Tag Archives: Formula Feeding

This one goes out to all the breastfeeding losers

breastfeeding losers

Do you know, the day my body gave up its milk, four days after deciding to stop breastfeeding Teddy, I felt cleansed.

I didn’t say that to anyone, except Tim. I was ashamed of it. It’s not how you’re supposed to feel. But I did.

Without my inadequate little supply of milk, I was free. Free from the guilt that he needed food I couldn’t give him.

Free from the two-hourly feeling that my body was a failure.

Free from the excruciating pain of his constant latching-on, and the frustration of both of us when he wasn’t satisfied.

Free from the nagging sadness that I wasn’t good enough for this baby I’d grown and given birth to. Our bodies were supposed to be compatible. I was supposed to feed him. I’d had his latch checked, eaten all the right things, gathered him to me every ninety minutes, night and day, for weeks. It didn’t work. I didn’t work. I sat on the sofa, getting angry with everything, Henry climbing up the walls, Teddy arching his back and screeching, stuff everywhere. It was awful.

So I let it go. I started topping him up with formula at four weeks, and it took another three months after that to accept that the little breastmilk he was getting was doing me more harm than good. Me, and therefore him. It was a huge mental leap, accepting that sometimes, the thing you believe in wholeheartedly just isn’t the right thing for you. With Henry, he chose to stop breastfeeding and I just went along with it. With Teddy, I made that decision for both of us, and it was so much harder.

Once he fed from a bottle, everything changed. I was giddy with the freedom of it. I had more energy, more optimism, more peace of mind. I stopped worrying about his weight and his milestones, and started pulling us all into a routine where we enjoyed each other’s company. He is the happiest, chubbiest, healthiest baby you can imagine. He sleeps well, eats well, and is a huge mama’s boy (unlike Henry, who subscribes more to the school of thought where sunshine beams out of Daddy’s every orifice). I’ve never regretted making that decision, even if I’ve regretted the fact that things weren’t different in the first place.

I still feel sad when I read articles about the joys of breastfeeding. I still believe that breastfeeding is the best possible thing for your baby. But I can’t get away from the truth of it, for me, which is: once I stopped breastfeeding Teds, I was free to be his mother.

Sometimes that’s just the way it works out.

 

Solving the Sleep Conundrum

Know what it takes to get your baby sleeping where he should be sleeping? A spell in hospital, and a lot more milk.

I had my first – and hopefully last, for a while – introduction to the children’s Accident and Emergency department on Friday. Henry once again failed to weigh anything more than an anorexic gnat, and his jaundice was getting to the point where it looked like he’d been Tangoed. A kind doctor referred us to the hospital, and after a few hours of having his temperature taken and gawping, horrified, at the gurning presenters on CBeebies (is it always like that?!), we were admitted for the weekend. Henry got a snazzy blue and green cot with a motorised mattress, and I got a plastic fold-up daybed and a migraine.

Let me just say that the loveliest doctors and nurses in the world are all sent to the children’s ward. Without exception, everyone we met was wonderful. It wasn’t nice watching them put tiny baby drips into his tiny baby hand, nor waiting for hours to catch a urine sample, standing poised with a pot over the relevant equipment. But they established fairly quickly that there wasn’t anything more wrong with him than a giant appetite we weren’t appeasing. We supplemented his feeds with expressed milk and formula, suppressed his throwing up with anti-reflux medicine, and in no time he was getting pinker by the minute and growing a thoroughly respectable double chin.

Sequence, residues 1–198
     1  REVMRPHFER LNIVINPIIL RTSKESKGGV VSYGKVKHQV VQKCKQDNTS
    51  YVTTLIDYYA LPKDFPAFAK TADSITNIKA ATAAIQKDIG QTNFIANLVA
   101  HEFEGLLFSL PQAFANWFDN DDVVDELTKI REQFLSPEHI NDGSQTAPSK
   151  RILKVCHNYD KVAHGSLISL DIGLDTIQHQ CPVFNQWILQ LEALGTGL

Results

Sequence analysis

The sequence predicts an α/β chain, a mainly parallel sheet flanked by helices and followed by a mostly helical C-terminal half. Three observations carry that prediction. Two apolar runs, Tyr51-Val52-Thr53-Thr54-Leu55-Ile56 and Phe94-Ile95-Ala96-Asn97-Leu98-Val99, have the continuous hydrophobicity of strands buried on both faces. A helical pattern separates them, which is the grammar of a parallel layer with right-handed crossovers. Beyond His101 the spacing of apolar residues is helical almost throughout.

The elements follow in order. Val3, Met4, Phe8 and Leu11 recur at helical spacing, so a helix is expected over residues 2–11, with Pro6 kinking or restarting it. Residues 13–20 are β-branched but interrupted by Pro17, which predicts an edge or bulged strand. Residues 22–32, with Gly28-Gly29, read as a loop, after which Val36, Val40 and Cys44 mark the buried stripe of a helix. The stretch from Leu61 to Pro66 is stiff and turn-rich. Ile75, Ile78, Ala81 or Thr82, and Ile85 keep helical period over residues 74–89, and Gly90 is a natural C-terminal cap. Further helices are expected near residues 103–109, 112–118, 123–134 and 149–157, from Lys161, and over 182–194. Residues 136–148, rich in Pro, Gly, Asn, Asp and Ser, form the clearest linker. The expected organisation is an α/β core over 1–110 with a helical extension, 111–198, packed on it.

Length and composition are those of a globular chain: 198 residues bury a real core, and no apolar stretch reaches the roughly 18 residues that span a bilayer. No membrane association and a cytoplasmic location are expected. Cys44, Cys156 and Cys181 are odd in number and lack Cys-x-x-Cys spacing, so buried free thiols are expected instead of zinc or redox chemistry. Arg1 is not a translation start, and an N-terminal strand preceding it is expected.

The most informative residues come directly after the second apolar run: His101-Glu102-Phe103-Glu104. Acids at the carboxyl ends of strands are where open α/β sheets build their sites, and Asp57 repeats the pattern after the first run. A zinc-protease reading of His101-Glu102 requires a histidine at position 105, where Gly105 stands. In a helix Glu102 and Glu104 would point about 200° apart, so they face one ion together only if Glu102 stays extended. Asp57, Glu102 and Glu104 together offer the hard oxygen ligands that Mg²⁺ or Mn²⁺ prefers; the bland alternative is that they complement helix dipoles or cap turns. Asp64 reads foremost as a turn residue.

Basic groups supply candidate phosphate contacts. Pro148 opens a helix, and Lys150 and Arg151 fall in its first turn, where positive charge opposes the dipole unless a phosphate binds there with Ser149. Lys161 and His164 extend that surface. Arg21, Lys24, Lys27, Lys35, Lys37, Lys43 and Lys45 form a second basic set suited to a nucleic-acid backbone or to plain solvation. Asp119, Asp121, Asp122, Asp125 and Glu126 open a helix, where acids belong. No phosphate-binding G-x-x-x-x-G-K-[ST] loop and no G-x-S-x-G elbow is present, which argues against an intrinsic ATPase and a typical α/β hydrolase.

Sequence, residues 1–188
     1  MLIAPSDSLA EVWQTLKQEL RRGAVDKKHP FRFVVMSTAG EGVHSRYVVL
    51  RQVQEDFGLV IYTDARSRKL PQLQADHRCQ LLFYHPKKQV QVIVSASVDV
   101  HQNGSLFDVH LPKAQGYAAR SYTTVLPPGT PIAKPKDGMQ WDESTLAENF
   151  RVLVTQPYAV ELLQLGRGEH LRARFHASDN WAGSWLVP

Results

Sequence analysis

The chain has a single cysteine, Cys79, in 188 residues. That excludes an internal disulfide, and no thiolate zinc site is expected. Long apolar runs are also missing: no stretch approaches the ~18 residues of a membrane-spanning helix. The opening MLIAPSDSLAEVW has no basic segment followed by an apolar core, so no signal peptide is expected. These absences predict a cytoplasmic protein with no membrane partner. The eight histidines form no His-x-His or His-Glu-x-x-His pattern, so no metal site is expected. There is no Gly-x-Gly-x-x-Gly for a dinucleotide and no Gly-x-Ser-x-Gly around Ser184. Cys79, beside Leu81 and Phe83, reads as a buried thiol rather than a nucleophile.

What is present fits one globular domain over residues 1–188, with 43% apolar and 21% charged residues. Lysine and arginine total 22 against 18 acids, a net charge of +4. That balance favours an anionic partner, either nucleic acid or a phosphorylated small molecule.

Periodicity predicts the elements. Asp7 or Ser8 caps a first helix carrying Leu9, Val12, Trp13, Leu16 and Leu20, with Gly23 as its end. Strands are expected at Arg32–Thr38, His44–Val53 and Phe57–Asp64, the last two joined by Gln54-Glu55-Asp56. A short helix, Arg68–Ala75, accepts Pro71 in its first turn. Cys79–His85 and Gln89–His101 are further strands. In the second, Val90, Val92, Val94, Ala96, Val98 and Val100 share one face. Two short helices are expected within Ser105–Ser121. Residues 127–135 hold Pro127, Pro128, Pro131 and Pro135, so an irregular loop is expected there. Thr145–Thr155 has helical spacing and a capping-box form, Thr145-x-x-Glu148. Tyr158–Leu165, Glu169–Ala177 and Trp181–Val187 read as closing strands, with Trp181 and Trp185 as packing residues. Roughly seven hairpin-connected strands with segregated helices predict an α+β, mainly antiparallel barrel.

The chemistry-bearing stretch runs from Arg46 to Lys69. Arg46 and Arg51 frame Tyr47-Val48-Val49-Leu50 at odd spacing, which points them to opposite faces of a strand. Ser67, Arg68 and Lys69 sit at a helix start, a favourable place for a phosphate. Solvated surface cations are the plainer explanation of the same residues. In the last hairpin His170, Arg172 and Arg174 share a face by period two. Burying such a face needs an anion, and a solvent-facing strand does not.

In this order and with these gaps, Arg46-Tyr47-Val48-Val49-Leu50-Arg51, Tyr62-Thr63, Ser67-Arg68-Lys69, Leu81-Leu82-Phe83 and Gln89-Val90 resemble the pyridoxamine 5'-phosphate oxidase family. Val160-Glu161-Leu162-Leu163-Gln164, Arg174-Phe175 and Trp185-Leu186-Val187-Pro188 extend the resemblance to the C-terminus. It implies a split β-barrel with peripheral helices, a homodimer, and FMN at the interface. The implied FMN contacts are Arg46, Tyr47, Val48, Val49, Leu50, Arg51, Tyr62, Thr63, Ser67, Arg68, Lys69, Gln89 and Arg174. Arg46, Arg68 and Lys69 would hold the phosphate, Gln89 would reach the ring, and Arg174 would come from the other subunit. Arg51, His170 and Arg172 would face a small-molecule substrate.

We learned several valuable things in Side Room 18. The first was that a stuffed-full-to-the-gills baby will lie happily until he sleeps, sodden with milk, without needing to be rocked or given a dummy.

Bleurgh. Too. Full.

The second was that a wide, flat mattress is not the ideal surface on which to persuade a baby to sleep. Instead, the magnificent night nurse Eunice introduced us to The Nest. Roll up a towel lengthways into a sausage, and place it in a U-shape at the bottom end of a pillow case. Cover the pillow case with a thick blanket and, behold, there’s a little sleep-friendly space for a baby to feel safe in. We also elevated one end of his mattress to encourage his milk to stay down where it belonged. The change was instantaneous. And here I was just rolling up two sets of pajama bottoms at either side of him, and wondering why it didn’t work. THE WORLD NEEDS TO KNOW OF THIS. The world also needs to award Eunice a Nobel Prize, for which I will be nominating her immediately. And don’t think I won’t, because I will.

Nesting.

The third was that all food in hospital includes either the word ‘mince’ or ‘casserole’, or both, and that consumption of the same will do terrible things to your insides. This is by-the-by, but an important lesson nevertheless.

It is the truth.

Since we were discharged, Hennersly has fed and fed, then lain quite happily in his little half doughnut until he falls asleep by himself. And stays asleep, while I potter around actually doing useful things, or sleeping myself. Not a moment too soon, because I’m spending one hour in every three feeding him, which is no help at all for the eye-bags situation.

Seriously, Eunice? NOBEL PRIZE. I’m not kidding.

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